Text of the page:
Waste Not, Want Not

Managing Waste for Better Business in Prespa

Natural beauty and rich ecological diversity combine to make the Prespa Lakes basin one of the most environmentally valuable regions in the country. Home to an abundance of rare endemic species, many of them endangered, the ecosystem of the region surrounding the ancient freshwater lakes has faced many challenges over the years, but none more threatening than the impact of human activity—primarily in the form of harmful practices in the local agricultural sector.

UNDP is strongly committed to supporting all efforts to promote environmental protection and sustainable development in this beautiful and vulnerable area in cooperation with local farmers and other stakeholders and authorities in the three countries whose territories share the Prespa lake region.


Major projects implemented by UNDP in the Prespa region over recent years—with the strong support and financial backing of its main donor, the Global Environment Facility (GEF), —include the development of an integrated ecosystem Watershed Management Plan identifying the pressures exerted on the water bodies by intensive farming and pollution from the region’s major conurbation, the town of Resen, and recommending numerous measures to help monitor and mitigate pollution in line with the EU’s Water Directive.

The long-term success of these efforts to conserve and develop the region, particularly to increase its tourist potential, depend on changing local farming practices. Agriculture has a highly significant role in the challenged local economy and employs some 60 per cent of the population. Lack of environmental awareness and over-use of fertilizers by farmers to boost production in the short term have an especially detrimental effect on the vulnerable ecosystem, and this has been greatly exacerbated by the lack of suitable systems in place for responsible waste management. 

Apple cultivation is the main form of farming in the region, with annual production amounting to as much as 110,000 tons. Strong fluctuations in the market demand for apples, however, mean that huge numbers of these apples are regularly discarded. 

This waste is neither treated nor recycled but simply dumped directly into the Golema Reka River and along the shores of the lakes, posing a serious threat to the environment.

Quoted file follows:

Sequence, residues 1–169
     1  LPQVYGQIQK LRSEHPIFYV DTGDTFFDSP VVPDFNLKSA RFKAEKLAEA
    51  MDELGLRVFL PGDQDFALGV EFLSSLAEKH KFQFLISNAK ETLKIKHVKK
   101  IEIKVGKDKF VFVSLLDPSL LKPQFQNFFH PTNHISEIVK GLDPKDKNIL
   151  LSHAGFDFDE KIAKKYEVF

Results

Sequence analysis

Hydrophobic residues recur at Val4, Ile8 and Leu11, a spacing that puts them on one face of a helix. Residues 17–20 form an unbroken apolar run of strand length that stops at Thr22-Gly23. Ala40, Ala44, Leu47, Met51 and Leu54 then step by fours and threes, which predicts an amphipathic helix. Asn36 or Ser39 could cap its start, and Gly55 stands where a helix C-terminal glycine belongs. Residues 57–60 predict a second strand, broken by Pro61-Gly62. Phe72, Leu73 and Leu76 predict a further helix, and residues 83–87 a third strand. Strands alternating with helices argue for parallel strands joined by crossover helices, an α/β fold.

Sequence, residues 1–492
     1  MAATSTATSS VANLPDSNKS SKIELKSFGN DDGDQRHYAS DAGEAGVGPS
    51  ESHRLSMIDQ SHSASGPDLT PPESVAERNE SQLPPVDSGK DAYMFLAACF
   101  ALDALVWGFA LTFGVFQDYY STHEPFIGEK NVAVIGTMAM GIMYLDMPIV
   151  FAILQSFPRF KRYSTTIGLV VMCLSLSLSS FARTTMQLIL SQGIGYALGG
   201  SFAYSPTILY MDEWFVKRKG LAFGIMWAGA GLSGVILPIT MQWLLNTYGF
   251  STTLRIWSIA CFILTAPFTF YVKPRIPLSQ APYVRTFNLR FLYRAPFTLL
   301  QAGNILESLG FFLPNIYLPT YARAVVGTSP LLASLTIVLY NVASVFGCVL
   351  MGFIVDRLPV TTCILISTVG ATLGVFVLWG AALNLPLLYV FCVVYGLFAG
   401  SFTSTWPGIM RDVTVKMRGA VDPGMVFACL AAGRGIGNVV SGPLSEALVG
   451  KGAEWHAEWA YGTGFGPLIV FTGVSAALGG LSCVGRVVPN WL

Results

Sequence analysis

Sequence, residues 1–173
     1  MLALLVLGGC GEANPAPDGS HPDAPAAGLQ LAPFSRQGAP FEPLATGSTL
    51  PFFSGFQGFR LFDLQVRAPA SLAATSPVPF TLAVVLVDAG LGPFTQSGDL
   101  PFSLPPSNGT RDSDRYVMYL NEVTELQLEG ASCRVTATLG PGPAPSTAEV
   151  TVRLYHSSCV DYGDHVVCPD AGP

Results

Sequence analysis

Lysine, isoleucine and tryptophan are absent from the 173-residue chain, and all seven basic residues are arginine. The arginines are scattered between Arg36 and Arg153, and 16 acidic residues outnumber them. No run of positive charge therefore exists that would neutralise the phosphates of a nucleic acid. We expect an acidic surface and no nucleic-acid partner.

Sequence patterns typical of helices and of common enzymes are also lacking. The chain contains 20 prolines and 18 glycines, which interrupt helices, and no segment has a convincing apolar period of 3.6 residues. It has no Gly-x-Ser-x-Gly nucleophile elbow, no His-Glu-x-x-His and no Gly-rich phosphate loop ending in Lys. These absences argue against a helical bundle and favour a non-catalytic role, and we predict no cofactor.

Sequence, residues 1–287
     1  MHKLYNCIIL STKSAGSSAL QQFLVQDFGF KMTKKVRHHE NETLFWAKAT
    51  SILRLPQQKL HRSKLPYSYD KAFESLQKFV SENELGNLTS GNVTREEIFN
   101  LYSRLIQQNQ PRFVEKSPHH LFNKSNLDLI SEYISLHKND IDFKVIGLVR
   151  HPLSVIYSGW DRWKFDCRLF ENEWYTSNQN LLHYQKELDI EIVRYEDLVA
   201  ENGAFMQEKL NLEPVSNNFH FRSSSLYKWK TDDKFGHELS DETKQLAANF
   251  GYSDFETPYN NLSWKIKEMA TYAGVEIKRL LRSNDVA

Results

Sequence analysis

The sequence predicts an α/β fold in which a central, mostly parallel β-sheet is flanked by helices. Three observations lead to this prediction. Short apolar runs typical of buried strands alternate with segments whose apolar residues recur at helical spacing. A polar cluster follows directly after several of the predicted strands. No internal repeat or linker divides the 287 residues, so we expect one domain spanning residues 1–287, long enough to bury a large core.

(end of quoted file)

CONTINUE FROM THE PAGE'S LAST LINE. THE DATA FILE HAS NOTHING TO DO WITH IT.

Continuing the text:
UNDP, in partnership with the Swiss Development Cooperation Agency which provides the funding, has recently taken the initiative to tackle this problem head-on through a project for Biodegradable Waste Management in Prespa [pdf]. This project addresses both the need for greater public awareness and the need for the establishment of an efficient system to deal with biodegradable waste without harming the environment or the livelihoods of local farmers.

“Convincing people to deal with this massive waste more responsibly is a lot easier when we can show them the savings they’ll make from treating and recycling the apples,” explains Dimitrija Sekovski, UNDP’s Project Manager. “Recycling the waste will not only reduce the damage to the environment but turn the apples into compost and natural fertilizer. And the knock-on effect is that farmers will stop using such harmful chemicals to boost their production.”

Construction has already begun of a central composting plant in the region and several stations for collecting biodegradable waste.

We used to think that the cheapest way of dealing with the apples we couldn’t sell was just to throw them away and let them rot,” says local farmer Frosina Georgievska, “But now we can’t wait to have the waste system in place. Not only we will save money but we’ll also have a clearer conscience knowing we aren’t damaging the beautiful nature.”


Once the waste management systems are in place in the town of Resen and the village of Jankovec they will serve as the foundation for implementing a comprehensive management solution throughout the entire Prespa region.


“We’re very much hoping that other regions with similar problems will follow the example here in Prespa,” adds Mihail Volkanovski, the Mayor of Resen. "Then we can truly say this project has benefited the environment throughout the whole country".